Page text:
Starring 80s poster boy John Cusack and featuring a blistering soundtrack curated by Joe Strummer, ‘Grosse Pointe Blank’ is like John Hughes directed The Killer.
Martin Q. Blank (John Cusack) is in crisis. He’s getting sloppy at work and his friendly rivalry with colleague Grocer (Dan Ackroyd) is getting less friendly by the minute. His therapy sessions with his psychiatrist, Dr Oatman (Alan Arkin) are not giving him the catharsis he needs, and his perky personal assistant, Marcella (Joan Cusack), is getting on his nerves. Worse, an invitation to his ten year high school reunion in his affluent home town of Grosse Pointe, Michigan, has him considering the arc of his life and, worse, his relationship with Debi (Minnie Driver), the girl he abandoned on prom night.
Oh, and he’s a professional assassin. That’s worth noting.
Conceived by first time screen writer Tom Jankiewicz when he received an invitation to his own school reunion; polished by John Cusack and his regular sparring partners, Steve Pink and D. V. DeVincentis; and deftly directed by journeyman George Armitage, Grosse Point Blank draws on a lot of different influences but is defiantly its own thing: a kind of ‘80s nostalgia action romcom.
But each element is off kilter in its own unique way. It’s funny, yes, but in a very dry, self-aware, idiosyncratic Gen X manner that films that wilfully tried to capture that generational zeitgeist (Reality Bites, Empire Records) struggle with. It’s nostalgic in that it’s overtly about looking back at and reckoning with your past, but it avoids rose-tinted lenses for the most part. It’s an action movie, trading in the “ironic hitman” trope that was the style of the time (Pulp Fiction was only a few years prior), but its action beats are fully integrated into its narrative and themes. And it’s romantic as all hell; at the time the general consensus that this was a romcom for guys, a dated assessment that nonetheless isn’t without merit (pair GPB with Cusack’s later High Fidelity for a perfect double feature).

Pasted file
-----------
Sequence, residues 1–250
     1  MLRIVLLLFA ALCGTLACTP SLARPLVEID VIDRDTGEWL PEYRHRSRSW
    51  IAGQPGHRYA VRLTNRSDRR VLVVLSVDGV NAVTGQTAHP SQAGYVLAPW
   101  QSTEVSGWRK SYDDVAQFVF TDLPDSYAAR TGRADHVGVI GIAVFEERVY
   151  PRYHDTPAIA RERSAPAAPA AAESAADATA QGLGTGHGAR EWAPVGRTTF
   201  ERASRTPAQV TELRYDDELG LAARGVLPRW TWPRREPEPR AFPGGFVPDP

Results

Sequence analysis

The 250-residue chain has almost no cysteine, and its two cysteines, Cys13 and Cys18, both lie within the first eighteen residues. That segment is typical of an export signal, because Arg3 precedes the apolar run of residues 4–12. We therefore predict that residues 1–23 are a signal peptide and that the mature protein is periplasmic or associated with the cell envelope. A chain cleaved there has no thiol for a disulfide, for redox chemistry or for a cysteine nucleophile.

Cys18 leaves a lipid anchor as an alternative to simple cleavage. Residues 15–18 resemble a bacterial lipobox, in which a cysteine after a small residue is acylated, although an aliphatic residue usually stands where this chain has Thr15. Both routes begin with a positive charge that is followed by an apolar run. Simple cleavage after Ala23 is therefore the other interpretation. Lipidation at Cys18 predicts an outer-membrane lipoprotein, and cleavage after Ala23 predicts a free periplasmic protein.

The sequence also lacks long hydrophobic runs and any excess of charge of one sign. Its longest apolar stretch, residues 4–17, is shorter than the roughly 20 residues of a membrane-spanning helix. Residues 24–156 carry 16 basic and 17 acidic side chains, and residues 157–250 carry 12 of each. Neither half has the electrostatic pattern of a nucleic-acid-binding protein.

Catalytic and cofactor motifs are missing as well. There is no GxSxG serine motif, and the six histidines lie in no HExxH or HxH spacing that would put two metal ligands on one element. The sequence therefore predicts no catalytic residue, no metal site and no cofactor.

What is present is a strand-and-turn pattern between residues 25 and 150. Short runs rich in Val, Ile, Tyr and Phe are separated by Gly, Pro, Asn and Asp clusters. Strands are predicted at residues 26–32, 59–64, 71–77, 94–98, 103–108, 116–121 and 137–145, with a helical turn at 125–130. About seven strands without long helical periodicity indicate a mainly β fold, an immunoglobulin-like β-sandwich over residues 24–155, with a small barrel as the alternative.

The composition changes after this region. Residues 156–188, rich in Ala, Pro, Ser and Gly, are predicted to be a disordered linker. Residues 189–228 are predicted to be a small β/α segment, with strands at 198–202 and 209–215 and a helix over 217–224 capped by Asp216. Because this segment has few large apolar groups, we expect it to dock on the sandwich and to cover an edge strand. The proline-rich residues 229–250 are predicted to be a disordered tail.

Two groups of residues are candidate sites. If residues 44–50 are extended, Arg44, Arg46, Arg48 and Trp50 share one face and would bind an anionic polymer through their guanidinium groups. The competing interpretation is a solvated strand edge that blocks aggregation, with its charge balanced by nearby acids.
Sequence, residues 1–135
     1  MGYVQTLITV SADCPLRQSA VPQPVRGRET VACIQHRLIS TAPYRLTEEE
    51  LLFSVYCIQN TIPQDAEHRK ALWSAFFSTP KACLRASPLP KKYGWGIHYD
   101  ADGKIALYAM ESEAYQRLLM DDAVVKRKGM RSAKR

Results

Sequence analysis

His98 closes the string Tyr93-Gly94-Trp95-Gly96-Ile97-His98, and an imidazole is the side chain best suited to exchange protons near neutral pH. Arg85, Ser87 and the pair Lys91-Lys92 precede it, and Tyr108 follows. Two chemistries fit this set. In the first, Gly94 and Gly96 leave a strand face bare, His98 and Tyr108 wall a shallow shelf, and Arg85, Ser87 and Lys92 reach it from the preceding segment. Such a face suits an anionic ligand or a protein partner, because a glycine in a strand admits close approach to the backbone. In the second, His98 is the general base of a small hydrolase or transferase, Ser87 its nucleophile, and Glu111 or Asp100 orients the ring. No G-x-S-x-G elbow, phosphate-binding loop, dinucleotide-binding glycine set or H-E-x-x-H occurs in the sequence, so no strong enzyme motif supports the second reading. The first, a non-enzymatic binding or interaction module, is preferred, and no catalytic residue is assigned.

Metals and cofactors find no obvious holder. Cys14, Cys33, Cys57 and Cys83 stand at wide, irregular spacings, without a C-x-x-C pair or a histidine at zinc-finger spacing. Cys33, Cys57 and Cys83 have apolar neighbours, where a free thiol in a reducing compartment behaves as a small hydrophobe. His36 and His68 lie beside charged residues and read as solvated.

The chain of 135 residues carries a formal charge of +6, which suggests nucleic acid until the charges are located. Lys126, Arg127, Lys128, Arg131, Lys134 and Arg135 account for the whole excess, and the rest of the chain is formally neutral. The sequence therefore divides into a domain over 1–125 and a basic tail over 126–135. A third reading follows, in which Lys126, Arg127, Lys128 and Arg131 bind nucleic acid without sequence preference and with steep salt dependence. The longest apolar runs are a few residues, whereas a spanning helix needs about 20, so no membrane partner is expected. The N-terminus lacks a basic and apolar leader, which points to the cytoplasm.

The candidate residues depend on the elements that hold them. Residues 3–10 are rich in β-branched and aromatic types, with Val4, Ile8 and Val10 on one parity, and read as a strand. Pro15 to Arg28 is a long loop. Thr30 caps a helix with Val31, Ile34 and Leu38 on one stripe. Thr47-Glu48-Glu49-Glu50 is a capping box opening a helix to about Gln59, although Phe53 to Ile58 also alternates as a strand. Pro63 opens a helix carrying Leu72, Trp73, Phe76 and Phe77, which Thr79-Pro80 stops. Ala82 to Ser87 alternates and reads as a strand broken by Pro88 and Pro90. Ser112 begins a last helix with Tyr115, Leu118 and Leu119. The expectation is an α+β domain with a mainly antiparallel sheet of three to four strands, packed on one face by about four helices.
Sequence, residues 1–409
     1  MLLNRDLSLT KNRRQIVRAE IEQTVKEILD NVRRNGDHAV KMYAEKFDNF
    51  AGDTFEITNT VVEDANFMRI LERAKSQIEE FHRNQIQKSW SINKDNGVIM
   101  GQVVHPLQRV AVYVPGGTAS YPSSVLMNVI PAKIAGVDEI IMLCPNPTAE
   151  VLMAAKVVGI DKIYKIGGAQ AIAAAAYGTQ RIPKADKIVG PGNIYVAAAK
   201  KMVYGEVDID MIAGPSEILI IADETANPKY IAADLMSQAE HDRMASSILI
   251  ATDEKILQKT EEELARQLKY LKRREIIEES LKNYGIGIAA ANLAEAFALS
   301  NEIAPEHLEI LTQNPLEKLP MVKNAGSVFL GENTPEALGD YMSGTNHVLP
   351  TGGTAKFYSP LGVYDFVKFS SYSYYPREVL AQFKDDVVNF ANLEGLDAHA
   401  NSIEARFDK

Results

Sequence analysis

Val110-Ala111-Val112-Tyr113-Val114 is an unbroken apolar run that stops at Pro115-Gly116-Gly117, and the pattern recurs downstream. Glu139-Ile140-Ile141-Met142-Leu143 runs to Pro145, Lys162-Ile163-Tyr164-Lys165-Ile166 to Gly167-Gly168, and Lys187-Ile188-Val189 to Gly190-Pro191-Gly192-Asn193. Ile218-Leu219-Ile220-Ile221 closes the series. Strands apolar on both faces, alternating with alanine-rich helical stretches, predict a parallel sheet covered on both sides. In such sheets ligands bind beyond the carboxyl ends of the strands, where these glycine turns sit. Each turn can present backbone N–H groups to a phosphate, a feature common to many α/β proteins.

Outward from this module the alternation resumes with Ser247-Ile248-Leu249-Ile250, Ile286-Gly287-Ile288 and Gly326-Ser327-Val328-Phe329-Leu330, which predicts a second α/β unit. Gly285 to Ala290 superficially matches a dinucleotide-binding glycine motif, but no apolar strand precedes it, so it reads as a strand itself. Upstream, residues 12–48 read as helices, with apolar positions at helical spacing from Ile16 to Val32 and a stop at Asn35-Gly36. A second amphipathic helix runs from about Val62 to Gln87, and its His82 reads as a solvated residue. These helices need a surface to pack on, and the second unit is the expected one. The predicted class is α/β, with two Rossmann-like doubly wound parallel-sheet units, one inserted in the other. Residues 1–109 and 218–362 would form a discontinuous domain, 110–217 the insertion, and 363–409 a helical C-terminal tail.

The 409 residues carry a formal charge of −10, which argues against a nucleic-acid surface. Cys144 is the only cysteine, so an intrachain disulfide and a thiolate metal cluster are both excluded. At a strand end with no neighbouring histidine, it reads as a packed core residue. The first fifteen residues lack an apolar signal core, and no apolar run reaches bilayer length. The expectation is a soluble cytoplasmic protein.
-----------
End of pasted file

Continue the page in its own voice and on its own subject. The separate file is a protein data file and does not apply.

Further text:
Cusack, who made his mark with ‘80s teen comedies like The Sure Thing, Better Off Dead, and especially Cameron Crowe’s empathetic debut, Say Anything, is perfect here – you could make a strong case for Martin Blank being the best performance of his career. He’s sleek and lethal in his tailored suits, wielding a gun in each fist, and he does a great line in glib witticisms, but Cusack lets us see the anxiety constantly bubbling beneath the surface. The script drops a few clues as to the nature of his trauma – his mother is confined to a psychiatric facility and it’s implied his father drank himself to death – but is never too explicit, trusting Cusack’s performance to do the heavy lifting.
Yet while Cusack his great, Minnie Driver is genuinely phenomenal as his old – and perhaps future? – girlfriend, now a radio DJ. Driver’s Debi Newberry is a fantastic creation: smart, sardonic, warm, and while initially shocked at Martin’s reappearance in her life, not willing to let him off the hook for a second.
It seems obvious to say it, but their relationship is the heart of the film – not just dramatically, but thematically. Debi is such a real person – she has a life, a past (we learn she’s been married and divorced since graduation), a job she loves, a relationship with her father (Mitchell Ryan). Martin, by contrast, is a ghost – frightened of his homicidal impulses, he skipped prom and town and went into the army, and from there to a CIA wetwork program after his “moral flexibility” was flagged on a psych evaluation. He has no family, no friends, no hobbies. He does have a cat but has never bothered to even figure out its gender – “I respect its privacy,” he quips.